Beginning in the late 1980’s, the computers for public use gradually became part of the Cannon Free Library.  It started with a game computer for children and a computer for the public to search for items (thus replacing the card catalog) and expanded to public computers for patrons to access materials online and eventually getting Wi-Fi which expanded the public’s access to the internet and other resources.  In 2008, the library received public access computers through the Gates Foundation, which at the time was donating computers to all libraries in New York State, thus doubling the number of computers available for public use.

Changes, as with all technology, developed rapidly as personal computers became the norm in most housesholds.  Books on tape were replaced by CD’s and VHS videos by DVD’s.  Basic library service remained, but patrons now also came to the library to use public computers and to borrow DVD’s and books on CD.  The computers had a resource center capability through the 4CLS which allowed patrons to access a range of reference resources.

Patrons could now access and request items from all of the 4CLS member libraries from their own home and have them delivered to the Cannon Free Library. Wi-Fi access allowed patrons to bring their own computers to the library.  Around 2010, downloadable books were being purchased by some of the larger libraries in the system.  These could also be accessed by the member libraries.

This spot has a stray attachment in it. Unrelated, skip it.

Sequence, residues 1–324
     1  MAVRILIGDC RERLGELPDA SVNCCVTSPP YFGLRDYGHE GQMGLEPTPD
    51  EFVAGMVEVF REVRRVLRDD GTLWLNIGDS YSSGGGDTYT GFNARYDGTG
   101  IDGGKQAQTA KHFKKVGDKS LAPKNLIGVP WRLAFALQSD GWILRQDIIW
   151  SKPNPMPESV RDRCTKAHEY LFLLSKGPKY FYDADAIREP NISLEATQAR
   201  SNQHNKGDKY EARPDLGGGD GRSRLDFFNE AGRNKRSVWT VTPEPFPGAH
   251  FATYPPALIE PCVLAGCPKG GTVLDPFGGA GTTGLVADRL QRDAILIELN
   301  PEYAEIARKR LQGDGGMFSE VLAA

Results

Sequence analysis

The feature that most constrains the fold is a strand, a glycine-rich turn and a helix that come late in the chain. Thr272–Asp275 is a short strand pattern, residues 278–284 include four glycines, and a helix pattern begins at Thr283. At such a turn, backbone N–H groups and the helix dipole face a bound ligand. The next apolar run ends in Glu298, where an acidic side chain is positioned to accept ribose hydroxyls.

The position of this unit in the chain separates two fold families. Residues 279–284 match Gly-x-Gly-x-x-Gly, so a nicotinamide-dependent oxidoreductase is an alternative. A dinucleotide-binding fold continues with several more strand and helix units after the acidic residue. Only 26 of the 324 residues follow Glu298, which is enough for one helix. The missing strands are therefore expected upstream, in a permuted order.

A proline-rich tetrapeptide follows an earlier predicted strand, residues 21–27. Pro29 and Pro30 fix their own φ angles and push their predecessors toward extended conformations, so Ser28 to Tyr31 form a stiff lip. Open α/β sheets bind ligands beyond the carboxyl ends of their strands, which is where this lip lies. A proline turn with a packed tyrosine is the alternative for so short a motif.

The Cannon Free Library had 2,180 registered patrons in 2017 and circulated 21,818 items.  There were 221 meetings at the library for tutoring and study sessions with 877 people attending these meetings. There were 14,656 visitors to the library in 2017.  There are 19,889 barcoded items ready to be checked out.

As the community grows, so does our library.  In addition to books, DVD’s, and books on CD, we offer music CD’s, toys, and language kits.  our program offerings include two weekly story hours, hosting a weekly knitting group, quarterly crafts for children, performers every summer, and hosting six Delhi Historical Society programs a year.  We have helped patrons apply for jobs online, acquire an email account, and we even helped a veteran find a fellow soldier from the Vietnam conflict.

Thanks to Mr. Cannon’s forethought, we are fortunate to be located in a convenient, pedestrian friendly location and we have become a community center where people from the area can meet. Our staff know most of our regular patrons by name, and many of our out-of-town visitors are surprised that we also remember their names.

Over the last 100 years, everyone involved with the Cannon Free Library has shared the love of the written word.  It began with the founders, the Cannons, continued with the dedication of the library board members, and lives on through the librarians.  We all share a determined passion for the growth and improvement of the Cannon Free Library, and all of us believe that the love of reading can be contagious.  Our greatest wish is to remain an information hub in our community and to continue to evolve to meet the needs of our patrons in the future.